Enterprise infrastructure software giant VMware is coupling its vSphere virtualization platform with its Tanzu portfolio to help extend millions of workloads already running on vSphere into the Kubernetes ecosystem, the company said.
VMware also revealed updates for vSphere 7 and vSAN 7, as well as for Cloud Foundation 4.1 to help support Kubernetes deployments and to manage stateful applications running in containerized environments, including storage.
In addition to offering vSphere with Tanzu (which will become available by end of October), VMware is also offering Cloud Foundation hybrid platform with Tanzu as of today.
Speaking during a press presentation, Craig McLuckie, vice president of research and development at VMware and one of the original creators of Kubernetes, described how the “Tanzu portfolio covers a broad gamut of capabilities that unlock productivity for engineering teams, large and small.”
“The starting point, obviously, is Kubernetes itself — we see this as being an incredibly powerful new infrastructure service abstraction that is low enough level that you can run pretty much anything and high enough level that it hides away the specifics of the environment so that organizations are able to just benefit from the infrastructure capabilities,” McLuckie said.
While vSphere with Tanzu is the “fastest way for many of our customers to get started with Kubernetes,” VMware Cloud Foundation with Tanzu is very similar, Lee Caswell, vice president of marketing, said during the press conference on Tuesday. Cloud Foundation with Tanzu allows, among other things, Kubernetes workloads to run across hybrid cloud environments to “allow operators to offer up infrastructure to developers that way they want to consume it, namely through a Kubernetes API.” This capability allows developers to use the tools that they have already implemented, while Cloud Foundation with Tanzu “is great to operate Kubernetes at scale, because it’s completely automated” for its configuration and deployment, Caswell said.
vSphere with Tanzu also integrates Kubernetes management capabilities, representing what Caswell said is “the biggest react re-architecture around a decade for vSphere.” With it, organizations can adopt and integrate Kubernetes into their VSphere environments, allowing IT administrators to deploy Kubernetes “with the same skill sets that they already acquired by using VSphere.” Meanwhile, the developer can “can consume the infrastructure the way they’re used to doing it and the way they want to do it through Kubernetes interfaces and APIs” when they deploy applications on vSphere with Tanzu, Caswell said.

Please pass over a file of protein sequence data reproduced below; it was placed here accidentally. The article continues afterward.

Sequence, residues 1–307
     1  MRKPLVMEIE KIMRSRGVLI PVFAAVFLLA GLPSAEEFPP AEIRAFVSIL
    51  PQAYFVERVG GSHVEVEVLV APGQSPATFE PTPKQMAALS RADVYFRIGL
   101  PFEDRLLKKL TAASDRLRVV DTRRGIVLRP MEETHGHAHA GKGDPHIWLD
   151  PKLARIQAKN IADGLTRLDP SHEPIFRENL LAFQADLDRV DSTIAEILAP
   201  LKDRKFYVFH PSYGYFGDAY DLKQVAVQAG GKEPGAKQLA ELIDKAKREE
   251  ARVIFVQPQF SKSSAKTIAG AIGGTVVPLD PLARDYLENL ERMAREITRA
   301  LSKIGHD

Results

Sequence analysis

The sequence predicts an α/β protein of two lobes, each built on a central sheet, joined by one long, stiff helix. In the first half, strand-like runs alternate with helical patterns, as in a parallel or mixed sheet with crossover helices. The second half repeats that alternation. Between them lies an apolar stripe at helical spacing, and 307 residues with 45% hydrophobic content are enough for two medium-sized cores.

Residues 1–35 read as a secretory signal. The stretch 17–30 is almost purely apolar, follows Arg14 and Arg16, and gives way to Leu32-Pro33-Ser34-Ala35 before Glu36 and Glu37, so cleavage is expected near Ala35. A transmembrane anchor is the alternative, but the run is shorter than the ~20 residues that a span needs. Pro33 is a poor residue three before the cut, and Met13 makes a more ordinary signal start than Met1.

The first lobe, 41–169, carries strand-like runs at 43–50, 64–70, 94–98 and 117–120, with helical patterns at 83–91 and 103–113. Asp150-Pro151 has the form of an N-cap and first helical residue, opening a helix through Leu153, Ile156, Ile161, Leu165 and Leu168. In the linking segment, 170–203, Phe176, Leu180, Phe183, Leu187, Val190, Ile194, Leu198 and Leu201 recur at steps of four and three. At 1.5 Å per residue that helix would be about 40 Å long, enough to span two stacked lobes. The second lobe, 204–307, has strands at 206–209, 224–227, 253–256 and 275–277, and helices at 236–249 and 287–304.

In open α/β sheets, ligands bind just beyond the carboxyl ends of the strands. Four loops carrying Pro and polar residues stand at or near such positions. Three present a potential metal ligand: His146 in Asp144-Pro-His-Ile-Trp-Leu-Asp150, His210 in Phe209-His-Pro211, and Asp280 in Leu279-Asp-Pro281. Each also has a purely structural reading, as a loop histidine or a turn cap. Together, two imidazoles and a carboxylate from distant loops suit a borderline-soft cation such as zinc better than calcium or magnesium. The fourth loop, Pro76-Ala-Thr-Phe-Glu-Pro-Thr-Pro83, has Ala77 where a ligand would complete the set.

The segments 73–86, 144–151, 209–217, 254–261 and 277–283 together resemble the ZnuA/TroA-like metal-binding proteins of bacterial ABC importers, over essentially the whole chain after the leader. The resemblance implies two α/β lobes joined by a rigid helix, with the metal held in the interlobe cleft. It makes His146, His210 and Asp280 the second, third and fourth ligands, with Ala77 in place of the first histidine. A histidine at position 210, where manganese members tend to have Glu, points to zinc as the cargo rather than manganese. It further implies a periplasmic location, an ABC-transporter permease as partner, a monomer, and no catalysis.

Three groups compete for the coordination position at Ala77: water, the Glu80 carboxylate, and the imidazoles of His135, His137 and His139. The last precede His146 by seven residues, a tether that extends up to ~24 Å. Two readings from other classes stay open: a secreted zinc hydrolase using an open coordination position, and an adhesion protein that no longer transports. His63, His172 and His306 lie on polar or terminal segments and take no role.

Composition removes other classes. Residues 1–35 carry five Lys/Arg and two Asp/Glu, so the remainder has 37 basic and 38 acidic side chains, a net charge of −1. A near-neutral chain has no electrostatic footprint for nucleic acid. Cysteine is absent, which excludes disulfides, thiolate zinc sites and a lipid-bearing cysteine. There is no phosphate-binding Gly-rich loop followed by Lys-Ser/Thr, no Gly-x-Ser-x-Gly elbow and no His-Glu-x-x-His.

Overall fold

With vSphere with Tanzu “Customers can bring their own networking and they can bring their own storage: that’s a key difference from VMware Cloud Foundation with Tanzu,” Caswell said.
As mentioned above, VMware also provided detailed on updates to vSphere 7 (Update 1) and to vSAN 7 (Update 1):
vSphere 7 allows virtual machines (VMs) to scale up to 24TB and “768 vCPUs” to support “resource-intensive applications,” such as in-memory databases.
Cluster scale enhancements for vSphere 7, expanded support for the number of hosts per cluster by 50% for a total of 96 hosts per cluster.
vSAN 7 offers HCI Mesh for disaggregation of compute and storage resources for incremental scaling.
Compression-only option for vSAN 7 offers a compression-only option, instead of both de-duplication and compression, which will not thwart space-management efficiency for databases.
Enterprise-ready file services for vSAN 7 for most common file service protocols by adding support for the SMB v3 and v2.1 protocols.
VMware is a sponsor of The New Stack.
Feature image from Pixabay.
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